The COVID-19 pandemic has landed in Guyana with fatal consequences. There are 5 reported confirmed cases including one death. So far, the virus appears to be incubating. I’m hoping that it does not exhale with devastating and deadly effects like it did in China, Italy, Iran, Spain, the United States of America and other countries.
Since the untimely and uninvited arrival of the coronavirus in Guyana, there has been a multiplicity of reactions by the government, the private sector, numerous other groups and individuals. As a result, several economic, social, health, financial and other major issues have emerged.
I will be unable to elaborate on all the issues due to the constraint of space. However, I note that according to reports in the media, numerous employers have already started to lay off their workers and others are planning to do the same as they try to develop strategies and tactics to remain viable.
Reports indicated that one employer sent home some of his workers for 6 months, while others have laid off their employees for diverse periods. No stimulus package or income replacement plan has emerged.
As activities unfold, the possibility of employers trampling on workers’ rights may be occasioned. The Termination of Employment and Severance Pay Act Chapter 99:08 will come into play. It gives clear guidelines in relation to the layoff of workers. Section 14 (2) of the Act states, “No layoff under Section (1) shall exceed six weeks”.
The protocol is that at the end of the six weeks, the employer will have to re-employ the workers or terminate their services with full severance pay. The principle is that you cannot ask an unwilling employer to employ a willing employee, but the employee is entitled to his full benefits.
As it relates to termination of employment, Section 12 (2) of the Act is very instructive. It states, “The employee is redundant under subsection (1) where in relation to his employer’s business where he is employed, his termination of employment is or is part of a reduction in the work force that is a direct result of –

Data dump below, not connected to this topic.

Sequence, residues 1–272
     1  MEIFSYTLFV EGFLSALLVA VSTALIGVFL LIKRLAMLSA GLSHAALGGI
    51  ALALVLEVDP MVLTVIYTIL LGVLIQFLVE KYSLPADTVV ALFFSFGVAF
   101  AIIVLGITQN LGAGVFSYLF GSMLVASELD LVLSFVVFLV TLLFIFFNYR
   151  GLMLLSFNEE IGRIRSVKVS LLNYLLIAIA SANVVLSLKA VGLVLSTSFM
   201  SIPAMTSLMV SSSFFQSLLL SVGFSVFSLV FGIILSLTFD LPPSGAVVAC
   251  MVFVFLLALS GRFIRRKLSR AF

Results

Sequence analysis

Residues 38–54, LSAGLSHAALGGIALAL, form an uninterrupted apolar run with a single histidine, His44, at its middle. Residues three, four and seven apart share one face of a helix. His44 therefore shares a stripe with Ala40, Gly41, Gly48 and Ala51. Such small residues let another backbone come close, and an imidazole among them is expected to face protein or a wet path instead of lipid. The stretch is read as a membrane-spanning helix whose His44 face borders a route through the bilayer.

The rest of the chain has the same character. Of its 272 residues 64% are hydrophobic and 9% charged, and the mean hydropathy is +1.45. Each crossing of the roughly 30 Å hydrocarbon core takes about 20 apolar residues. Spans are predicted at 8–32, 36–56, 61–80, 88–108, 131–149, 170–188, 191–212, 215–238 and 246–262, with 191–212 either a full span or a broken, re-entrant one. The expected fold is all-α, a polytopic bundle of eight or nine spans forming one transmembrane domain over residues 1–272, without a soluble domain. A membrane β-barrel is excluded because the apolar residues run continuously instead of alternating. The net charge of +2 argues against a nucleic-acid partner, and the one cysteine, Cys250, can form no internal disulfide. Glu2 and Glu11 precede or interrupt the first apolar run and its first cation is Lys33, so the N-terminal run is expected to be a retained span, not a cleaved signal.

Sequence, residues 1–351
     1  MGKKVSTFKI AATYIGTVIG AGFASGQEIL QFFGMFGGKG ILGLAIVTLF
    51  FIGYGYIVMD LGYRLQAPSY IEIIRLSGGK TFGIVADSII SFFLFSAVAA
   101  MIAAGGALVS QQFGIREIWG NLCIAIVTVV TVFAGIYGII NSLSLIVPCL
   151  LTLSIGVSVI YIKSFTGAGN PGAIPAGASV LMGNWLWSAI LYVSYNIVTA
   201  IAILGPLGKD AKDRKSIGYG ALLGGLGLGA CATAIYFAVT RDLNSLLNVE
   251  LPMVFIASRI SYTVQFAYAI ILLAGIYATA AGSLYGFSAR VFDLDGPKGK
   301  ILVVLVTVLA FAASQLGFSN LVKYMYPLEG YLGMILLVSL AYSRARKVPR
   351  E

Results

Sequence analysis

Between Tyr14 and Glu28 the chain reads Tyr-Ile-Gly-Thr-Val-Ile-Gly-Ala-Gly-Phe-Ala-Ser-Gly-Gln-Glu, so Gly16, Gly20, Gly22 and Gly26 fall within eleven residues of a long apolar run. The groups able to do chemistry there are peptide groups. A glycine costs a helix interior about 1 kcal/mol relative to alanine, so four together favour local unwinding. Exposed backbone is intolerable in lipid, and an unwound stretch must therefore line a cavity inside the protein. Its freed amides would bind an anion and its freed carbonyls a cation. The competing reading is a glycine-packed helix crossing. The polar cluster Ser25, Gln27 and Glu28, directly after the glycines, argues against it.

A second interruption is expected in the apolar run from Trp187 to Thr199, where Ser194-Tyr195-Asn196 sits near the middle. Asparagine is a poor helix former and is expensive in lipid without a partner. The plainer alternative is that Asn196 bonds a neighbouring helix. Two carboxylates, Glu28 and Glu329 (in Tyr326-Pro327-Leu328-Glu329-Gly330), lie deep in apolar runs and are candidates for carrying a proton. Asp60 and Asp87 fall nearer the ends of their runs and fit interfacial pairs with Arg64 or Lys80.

(a) the modernisation, automation or mechanisation by the employer of all or part of the business.
(b) the discontinuation by the employer to carry out all or part of the business.
(c) the sale and the disposition by the employer of all or part of the business.
(d) the reorganisation of the business by the employer to improve efficiency.
(e) the impossibility or impracticability for the employer to carry in the business at its usual rate or level or all due to-
(1) a shortage of materials;
(2) a mechanical breakdown;
(3) a force majeure; or
(4) an act of God;
(f) a reduced operation in the employer’s business made necessary by economic conditions, including a lack of or changing markets, contraction in the volume of work or sales, reduced demands or surplus inventory.
My information is that some employers in order to lay off their employees are seeking shelter under Section 13 (2) (e) 4- an act of God.
Perhaps, history will repeat itself. I can vividly recall several years ago during heavy rain, a large number of utility poles fell. The Government Minister at the time with the responsibility for the utility company, Guyana Power and Light, boldly remarked that the falling of the poles was, “an act of God.”
There is no known cure for this deadly disease. It defies any one-shot solution to flatten its destructive curve. We are living in an unprecedented time. Unprecedented time requires unprecedented actions. Desperate time needs desperate actions. We are all in it together. Let us all be safe.
Wherever practicable, we must make use of our Personal Protective Equipment (PPE), employ other approved protective measures, and follow the medical and other advice given. When one’s house is burning, we should not worry about the cost of water being used to put out the fire. Let us all pray for divine intervention to restore the present frightening state of affairs in Guyana to normalcy. May God bless our beloved Guyana.
Assistant Commissioner of Police
Apr 05, 2020This year-one review is based on the 10 Point ‘Cricket First Plan’ that was the foundation of the Ricky Skerritt-Dr Kishore Shallow 2019 election campaign. In March 2019, he was elected as the...
Apr 05, 2020
Apr 05, 2020
Apr 04, 2020
Apr 04, 2020
Apr 03, 2020
Editor’s Note, If your sent letter was not published and you felt its contents were valid and devoid of libel or personal attacks, please contact us by phone or email.
Feel free to send us your comments and/or criticisms.
Contact: 624-6456; 225-8452; 225-8458; 225-8463; 225-8465; 225-8473 or 225-8491.
Or by Email: [email protected] / [email protected]